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The Source: Immigrant Detention A Profitable Deal For For-Profit Prisons

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Joey Palacios
/
Texas Public Radio

It was two summers ago that we saw the tremendous surge of unaccompanied minors and young mothers with children crossing the Rio Grande. They were fleeing out of control gang violence in Central America and surrendering to the first border agent they could find. The numbers of the children and women overwhelmed the immigration system.

But we are only learning now how the Obama Administration dealt with that problem - with a $1 billion, no-bid contract to the largest private prison company in America, the Corrections Corporation of America. What's behind that contract and what is it's legacy?

Chico Harlan wrote about it for the Washington Post - his article is "Inside the Administration's $1 Billion deal to detain Central  American asylum seekers."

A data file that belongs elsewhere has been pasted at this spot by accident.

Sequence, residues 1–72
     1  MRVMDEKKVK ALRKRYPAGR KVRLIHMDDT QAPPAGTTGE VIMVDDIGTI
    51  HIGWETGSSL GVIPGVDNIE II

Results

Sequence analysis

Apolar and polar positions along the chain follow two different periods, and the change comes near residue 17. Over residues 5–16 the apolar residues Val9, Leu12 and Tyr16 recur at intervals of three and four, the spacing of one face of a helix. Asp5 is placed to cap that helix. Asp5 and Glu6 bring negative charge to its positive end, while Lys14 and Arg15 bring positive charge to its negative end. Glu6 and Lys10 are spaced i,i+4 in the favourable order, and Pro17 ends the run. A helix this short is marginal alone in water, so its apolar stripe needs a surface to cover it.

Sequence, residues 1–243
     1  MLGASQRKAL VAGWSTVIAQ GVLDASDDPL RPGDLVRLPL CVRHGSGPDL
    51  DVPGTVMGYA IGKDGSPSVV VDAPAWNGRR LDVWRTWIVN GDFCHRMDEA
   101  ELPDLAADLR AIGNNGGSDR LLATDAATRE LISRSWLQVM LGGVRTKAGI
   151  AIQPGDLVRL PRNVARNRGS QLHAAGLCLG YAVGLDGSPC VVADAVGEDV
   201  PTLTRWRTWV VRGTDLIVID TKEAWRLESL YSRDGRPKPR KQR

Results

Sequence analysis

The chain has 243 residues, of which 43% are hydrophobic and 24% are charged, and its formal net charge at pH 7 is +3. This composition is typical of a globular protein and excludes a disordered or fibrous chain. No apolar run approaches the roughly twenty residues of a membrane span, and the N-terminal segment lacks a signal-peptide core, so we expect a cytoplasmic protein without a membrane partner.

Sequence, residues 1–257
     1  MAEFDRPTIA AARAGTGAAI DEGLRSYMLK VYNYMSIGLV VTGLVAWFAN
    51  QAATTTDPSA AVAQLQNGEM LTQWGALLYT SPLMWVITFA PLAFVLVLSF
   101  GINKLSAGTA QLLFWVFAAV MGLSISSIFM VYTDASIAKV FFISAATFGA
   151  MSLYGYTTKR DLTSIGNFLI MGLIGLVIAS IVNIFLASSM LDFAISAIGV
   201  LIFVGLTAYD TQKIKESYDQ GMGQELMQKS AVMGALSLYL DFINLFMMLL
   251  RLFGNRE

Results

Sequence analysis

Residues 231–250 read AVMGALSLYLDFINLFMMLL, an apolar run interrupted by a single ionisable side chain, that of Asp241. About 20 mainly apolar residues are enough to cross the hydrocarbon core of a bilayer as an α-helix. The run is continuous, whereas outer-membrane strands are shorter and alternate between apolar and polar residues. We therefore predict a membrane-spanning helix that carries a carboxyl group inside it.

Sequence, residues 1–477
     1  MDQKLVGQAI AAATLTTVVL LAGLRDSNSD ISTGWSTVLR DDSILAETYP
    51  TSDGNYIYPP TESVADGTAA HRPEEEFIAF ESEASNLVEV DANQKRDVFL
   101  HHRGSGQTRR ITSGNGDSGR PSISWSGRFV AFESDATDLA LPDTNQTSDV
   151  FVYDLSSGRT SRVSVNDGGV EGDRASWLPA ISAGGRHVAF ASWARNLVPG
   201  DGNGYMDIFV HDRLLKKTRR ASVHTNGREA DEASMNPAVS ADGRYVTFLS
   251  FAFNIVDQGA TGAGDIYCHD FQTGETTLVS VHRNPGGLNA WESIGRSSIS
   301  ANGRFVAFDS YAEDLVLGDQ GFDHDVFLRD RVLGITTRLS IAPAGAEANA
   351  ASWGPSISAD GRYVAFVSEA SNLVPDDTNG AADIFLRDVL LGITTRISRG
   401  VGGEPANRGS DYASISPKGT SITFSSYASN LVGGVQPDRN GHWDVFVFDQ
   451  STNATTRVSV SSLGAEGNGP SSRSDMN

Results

The money comes in regardless of how many people are staying at these facilities and according to the breakdown, at times these prisons are higher priced than four-star hotels.
 
"It would be cheaper to put these people in the Ritz Carlton, says Harlan of the cost per person.

The plan was executed quickly with the goal not of detention, says Jonathan Ryan, executive director of the Refugee and Immigrant Center for Education and Legal Services (RAICES), but to deter people from coming. A plan he says was ill-conceived.

"And the reason was because people were not coming here enticed to America," he says. The reason that they came here was because they were displaced from the most violent cities on Earth outside of Afghanistan, Syria and Iraq." 

Guests:

  • Jonathan Ryan, executive director of RAICES
  • Chico Harlan, reporter at the Washington Post

 

David Martin Davies can be reached at dmdavies@tpr.org and on Twitter at @DavidMartinDavi